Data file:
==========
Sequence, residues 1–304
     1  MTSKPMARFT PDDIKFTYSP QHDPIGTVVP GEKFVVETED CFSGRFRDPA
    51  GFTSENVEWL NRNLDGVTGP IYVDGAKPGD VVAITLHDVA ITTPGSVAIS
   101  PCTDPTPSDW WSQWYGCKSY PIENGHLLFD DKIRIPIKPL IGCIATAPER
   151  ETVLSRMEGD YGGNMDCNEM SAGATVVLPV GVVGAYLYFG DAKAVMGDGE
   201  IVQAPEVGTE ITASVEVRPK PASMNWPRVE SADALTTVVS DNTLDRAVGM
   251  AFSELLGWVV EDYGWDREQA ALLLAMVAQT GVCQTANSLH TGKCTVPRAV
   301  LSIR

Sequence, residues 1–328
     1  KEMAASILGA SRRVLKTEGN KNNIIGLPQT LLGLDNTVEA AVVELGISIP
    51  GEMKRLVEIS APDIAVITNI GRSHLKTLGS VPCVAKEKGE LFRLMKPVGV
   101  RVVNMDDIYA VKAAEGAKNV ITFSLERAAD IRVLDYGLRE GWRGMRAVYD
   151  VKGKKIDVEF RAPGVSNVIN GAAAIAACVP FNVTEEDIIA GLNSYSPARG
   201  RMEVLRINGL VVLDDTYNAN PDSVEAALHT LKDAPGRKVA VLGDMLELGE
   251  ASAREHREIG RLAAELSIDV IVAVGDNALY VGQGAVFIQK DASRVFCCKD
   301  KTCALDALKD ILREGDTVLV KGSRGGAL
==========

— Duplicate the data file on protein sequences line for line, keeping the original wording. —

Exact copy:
Sequence, residues 1–304
     1  MTSKPMARFT PDDIKFTYSP QHDPIGTVVP GEKFVVETED CFSGRFRDPA
    51  GFTSENVEWL NRNLDGVTGP IYVDGAKPGD VVAITLHDVA ITTPGSVAIS
   101  PCTDPTPSDW WSQWYGCKSY PIENGHLLFD DKIRIPIKPL IGCIATAPER
   151  ETVLSRMEGD YGGNMDCNEM SAGATVVLPV GVVGAYLYFG DAKAVMGDGE
   201  IVQAPEVGTE ITASVEVRPK PASMNWPRVE SADALTTVVS DNTLDRAVGM
   251  AFSELLGWVV EDYGWDREQA ALLLAMVAQT GVCQTANSLH TGKCTVPRAV
   301  LSIR

Sequence, residues 1–328
     1  KEMAASILGA SRRVLKTEGN KNNIIGLPQT LLGLDNTVEA AVVELGISIP
    51  GEMKRLVEIS APDIAVITNI GRSHLKTLGS VPCVAKEKGE LFRLMKPVGV
   101  RVVNMDDIYA VKAAEGAKNV ITFSLERAAD IRVLDYGLRE GWRGMRAVYD
   151  VKGKKIDVEF RAPGVSNVIN GAAAIAACVP FNVTEEDIIA GLNSYSPARG
   201  RMEVLRINGL VVLDDTYNAN PDSVEAALHT LKDAPGRKVA VLGDMLELGE
   251  ASAREHREIG RLAAELSIDV IVAVGDNALY VGQGAVFIQK DASRVFCCKD
   301  KTCALDALKD ILREGDTVLV KGSRGGAL